Beautiful video on the history of fire lookouts – and fire! – highlights lots of US govt publications and records
Ever since I read Jack Kerouac’s Dharma Bums so many moons ago, I’ve been fascinated with fire lookouts. So I was delighted to run across this beautiful video by Aidin Robbins “Life as the Last Fire Lookout.” He does a great job explaining the history of fire lookouts through his interview with Russ Dalton, one of the last fire watchers, and explains how these structures have largely disappeared into the mists of history and why the remaining ones need to be preserved. But one of the best things I got from Robbins’ video was a long bibliography of US Forest Service documents and archival records from the National Archives and Records Administration (NARA) that he helpfully listed in the description of this youtube video — and at least 2 of which are UNREPORTED documents that I’ve just submitted!
On a recent browse of one of my favorite blogs, BoingBoing.net (daily reading along with Kottke!) there was a post about “New US Treasury report confirms that unions are good for everybody”. Of course I submitted an “unreported document” to GPO right away so this new report should show up in FDLP library catalogs across the country in no time flat!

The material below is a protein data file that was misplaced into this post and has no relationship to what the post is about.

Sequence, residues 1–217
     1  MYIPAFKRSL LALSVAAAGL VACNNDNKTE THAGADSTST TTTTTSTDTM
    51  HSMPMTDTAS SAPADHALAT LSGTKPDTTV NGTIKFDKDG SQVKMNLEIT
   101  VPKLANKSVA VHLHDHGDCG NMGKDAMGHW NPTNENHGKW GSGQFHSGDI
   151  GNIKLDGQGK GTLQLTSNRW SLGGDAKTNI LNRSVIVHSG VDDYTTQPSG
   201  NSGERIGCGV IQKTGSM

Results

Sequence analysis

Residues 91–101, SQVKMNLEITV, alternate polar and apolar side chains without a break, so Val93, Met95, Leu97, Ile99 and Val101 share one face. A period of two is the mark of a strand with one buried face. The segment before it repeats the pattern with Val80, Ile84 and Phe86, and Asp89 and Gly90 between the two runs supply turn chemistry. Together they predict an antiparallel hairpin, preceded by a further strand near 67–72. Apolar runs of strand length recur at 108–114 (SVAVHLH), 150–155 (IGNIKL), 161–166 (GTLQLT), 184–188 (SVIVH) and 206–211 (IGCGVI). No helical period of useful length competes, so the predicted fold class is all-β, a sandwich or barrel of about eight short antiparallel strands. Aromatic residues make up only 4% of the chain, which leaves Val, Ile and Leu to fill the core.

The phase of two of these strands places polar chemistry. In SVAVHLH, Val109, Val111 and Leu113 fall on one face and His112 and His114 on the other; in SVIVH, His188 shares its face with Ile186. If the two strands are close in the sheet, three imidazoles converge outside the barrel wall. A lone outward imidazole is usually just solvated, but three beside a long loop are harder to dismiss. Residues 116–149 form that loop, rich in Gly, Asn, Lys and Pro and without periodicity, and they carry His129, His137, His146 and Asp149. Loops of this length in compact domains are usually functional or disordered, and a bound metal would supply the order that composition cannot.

Once again, I’d like to encourage my depository library colleagues to hunt down and report these documents to GPO when you find them. Ben Amata at Sacramento State University does an amazing job at this and frequently posts his golden finds on the GOVDOC-L listserv for others’ benefit. There are other master unreported documents hunters out there too. But there aren’t enough of us and SO MANY publications especially from the executive branch go UN-reported, UN-cataloged, and UN-preserved.